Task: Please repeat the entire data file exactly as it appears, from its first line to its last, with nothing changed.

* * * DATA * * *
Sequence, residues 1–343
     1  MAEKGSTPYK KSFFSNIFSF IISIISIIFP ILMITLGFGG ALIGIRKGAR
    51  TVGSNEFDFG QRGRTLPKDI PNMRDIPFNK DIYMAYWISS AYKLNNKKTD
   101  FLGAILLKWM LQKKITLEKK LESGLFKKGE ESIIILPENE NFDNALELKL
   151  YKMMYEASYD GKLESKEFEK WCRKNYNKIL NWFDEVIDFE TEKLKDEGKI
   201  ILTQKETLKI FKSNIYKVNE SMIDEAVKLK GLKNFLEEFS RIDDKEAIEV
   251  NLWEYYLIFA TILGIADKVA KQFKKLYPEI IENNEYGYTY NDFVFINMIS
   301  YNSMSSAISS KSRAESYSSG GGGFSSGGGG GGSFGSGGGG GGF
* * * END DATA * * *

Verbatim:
Sequence, residues 1–343
     1  MAEKGSTPYK KSFFSNIFSF IISIISIIFP ILMITLGFGG ALIGIRKGAR
    51  TVGSNEFDFG QRGRTLPKDI PNMRDIPFNK DIYMAYWISS AYKLNNKKTD
   101  FLGAILLKWM LQKKITLEKK LESGLFKKGE ESIIILPENE NFDNALELKL
   151  YKMMYEASYD GKLESKEFEK WCRKNYNKIL NWFDEVIDFE TEKLKDEGKI
   201  ILTQKETLKI FKSNIYKVNE SMIDEAVKLK GLKNFLEEFS RIDDKEAIEV
   251  NLWEYYLIFA TILGIADKVA KQFKKLYPEI IENNEYGYTY NDFVFINMIS
   301  YNSMSSAISS KSRAESYSSG GGGFSSGGGG GGSFGSGGGG GGF